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Day 4: Artist Residency at The Hide

Day 4

Thursday 29th March


Photo: Late afternoon sun sweeps the field on the walk home.


I wake up sensing the need to go gently. I make a cup of rooibos and journal in bed, a stream of consciousness processing the depths of the day before. Forgiveness arises on the page. I head to the mat and move through it until stillness finds me in meditation. I curl up on the sofa for most of the morning. The sun flashes in the garden before waves of rain begin.


The afternoon is spent writing and reading. The brush feels too loaded to pick up today. A moment of calm outside inspires me to pull on my walking boots and raincoat and head to the ridge. It’s about 20 minutes before the rain hurtles down, freezing into hailstones that pelt my sodden legs and I wish I’d brought proper gloves instead of fingerless ones. I nestle my phone in between my scarf and hood to call my brother, Tom. 


I stalk the rest of the ridge until I’m back outside The Hide again but our conversation is still in the thicket of artistic practice and I know there’s much more to be learnt from Tom’s creative insights. I head down a side road that I’ve been curious to follow - on maps it looks like a dead end. The rain starts to clear and a muntjac ambles across my path, a few meters ahead. I say to Tom, “It reminds me of home”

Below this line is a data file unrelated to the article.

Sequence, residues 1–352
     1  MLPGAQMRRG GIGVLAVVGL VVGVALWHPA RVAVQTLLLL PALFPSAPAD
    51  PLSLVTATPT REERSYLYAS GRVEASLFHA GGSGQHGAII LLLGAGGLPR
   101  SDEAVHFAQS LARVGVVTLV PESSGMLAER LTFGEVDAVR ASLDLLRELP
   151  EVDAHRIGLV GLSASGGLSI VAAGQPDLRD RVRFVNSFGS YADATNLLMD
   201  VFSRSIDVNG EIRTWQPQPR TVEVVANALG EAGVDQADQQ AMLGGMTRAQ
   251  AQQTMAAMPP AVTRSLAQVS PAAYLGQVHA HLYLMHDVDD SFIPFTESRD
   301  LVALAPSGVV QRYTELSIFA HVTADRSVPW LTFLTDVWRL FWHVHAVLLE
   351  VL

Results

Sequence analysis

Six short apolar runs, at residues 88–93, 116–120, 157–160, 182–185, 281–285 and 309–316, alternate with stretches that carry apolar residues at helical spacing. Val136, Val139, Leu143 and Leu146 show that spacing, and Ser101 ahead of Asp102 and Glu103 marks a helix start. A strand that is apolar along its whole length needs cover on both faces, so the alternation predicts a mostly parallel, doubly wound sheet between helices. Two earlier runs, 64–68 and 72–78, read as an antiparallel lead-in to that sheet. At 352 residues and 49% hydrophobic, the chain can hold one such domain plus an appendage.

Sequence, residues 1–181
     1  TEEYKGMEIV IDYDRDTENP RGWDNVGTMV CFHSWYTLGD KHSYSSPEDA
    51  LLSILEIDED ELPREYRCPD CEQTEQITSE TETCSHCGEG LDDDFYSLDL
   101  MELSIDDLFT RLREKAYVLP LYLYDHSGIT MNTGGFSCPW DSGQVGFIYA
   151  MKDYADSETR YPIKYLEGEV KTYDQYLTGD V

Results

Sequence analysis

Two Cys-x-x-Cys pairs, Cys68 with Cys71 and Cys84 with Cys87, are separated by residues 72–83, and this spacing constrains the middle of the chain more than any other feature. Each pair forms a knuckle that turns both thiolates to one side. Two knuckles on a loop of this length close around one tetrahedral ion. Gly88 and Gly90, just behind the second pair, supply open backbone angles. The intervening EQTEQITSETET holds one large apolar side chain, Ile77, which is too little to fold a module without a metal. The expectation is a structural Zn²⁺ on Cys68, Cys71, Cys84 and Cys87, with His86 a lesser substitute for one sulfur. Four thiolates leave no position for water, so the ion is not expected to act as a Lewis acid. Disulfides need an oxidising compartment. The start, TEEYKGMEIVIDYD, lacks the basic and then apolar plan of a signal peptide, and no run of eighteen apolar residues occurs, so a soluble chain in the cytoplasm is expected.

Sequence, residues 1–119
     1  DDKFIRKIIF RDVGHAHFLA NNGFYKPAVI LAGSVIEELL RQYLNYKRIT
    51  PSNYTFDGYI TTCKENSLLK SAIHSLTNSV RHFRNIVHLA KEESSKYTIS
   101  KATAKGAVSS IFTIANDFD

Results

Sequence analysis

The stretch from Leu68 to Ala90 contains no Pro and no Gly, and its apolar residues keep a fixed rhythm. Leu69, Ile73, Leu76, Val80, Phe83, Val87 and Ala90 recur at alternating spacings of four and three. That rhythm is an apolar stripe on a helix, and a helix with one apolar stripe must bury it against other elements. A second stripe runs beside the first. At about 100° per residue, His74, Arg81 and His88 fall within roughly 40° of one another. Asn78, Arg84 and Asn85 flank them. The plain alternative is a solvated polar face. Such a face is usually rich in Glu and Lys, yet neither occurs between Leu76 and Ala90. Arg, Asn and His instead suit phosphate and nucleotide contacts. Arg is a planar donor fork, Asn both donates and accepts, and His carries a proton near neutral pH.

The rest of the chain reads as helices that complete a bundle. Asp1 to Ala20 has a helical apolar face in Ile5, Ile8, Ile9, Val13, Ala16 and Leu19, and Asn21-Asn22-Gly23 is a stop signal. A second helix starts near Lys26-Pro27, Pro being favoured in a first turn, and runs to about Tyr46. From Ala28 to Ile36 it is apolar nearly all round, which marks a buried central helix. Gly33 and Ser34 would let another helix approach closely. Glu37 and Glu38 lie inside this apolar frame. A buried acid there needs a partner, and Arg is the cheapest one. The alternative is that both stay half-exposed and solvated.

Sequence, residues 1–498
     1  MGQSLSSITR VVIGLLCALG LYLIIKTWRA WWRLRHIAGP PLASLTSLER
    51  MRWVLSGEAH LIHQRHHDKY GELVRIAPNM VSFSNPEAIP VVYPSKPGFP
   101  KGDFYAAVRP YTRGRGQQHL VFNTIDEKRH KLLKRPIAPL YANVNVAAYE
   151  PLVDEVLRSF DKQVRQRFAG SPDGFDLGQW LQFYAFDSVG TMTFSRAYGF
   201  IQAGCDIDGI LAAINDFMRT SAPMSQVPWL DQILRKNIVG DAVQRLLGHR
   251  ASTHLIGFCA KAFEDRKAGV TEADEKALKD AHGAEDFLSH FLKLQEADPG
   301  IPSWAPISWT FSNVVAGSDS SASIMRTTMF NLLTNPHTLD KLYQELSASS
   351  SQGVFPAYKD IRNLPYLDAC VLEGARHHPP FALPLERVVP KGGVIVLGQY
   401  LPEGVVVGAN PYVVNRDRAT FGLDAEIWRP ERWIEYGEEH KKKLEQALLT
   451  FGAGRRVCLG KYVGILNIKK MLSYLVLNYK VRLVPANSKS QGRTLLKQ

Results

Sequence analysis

At the end of the road, appears a woodland alive with lolling wild garlic and three footpaths in different directions. As Tom and I trade creative reflections I take each route: left until I have to turn back on myself, right which doesn’t take me far, and straight ahead into a warren of pathways. As we reflect on the fears of artmaking I’m aware I haven’t been keeping track of my direction, winding further in and down and around these weaving pathways. I breathe into trust and follow my feet. I wind higher and higher until trees start to look familiar and I arrive at the crossroads. I trace the sideroad back to The Hide and the low sun shines magnificently over the adjoining field, alighting the auburn grasses so much so my fingers itch to touch them. Tom reminds me that I’m exactly where I need to be, wandering/wondering with the muntjac in the woods. I take a sprig of overwintered seed heads to add to my studio shelf, a portal to this place of trust and belonging.


In the evening I tune in to a live watercolour demo of plein air artist Sebestian Thommen. I make a note to try his technique of sweeping sunbeams through trees with tissue and spritzing trees with water to create more volume. I listen to soul music and celebrate as I locate the final edge puzzle piece I swore must’ve been lost.

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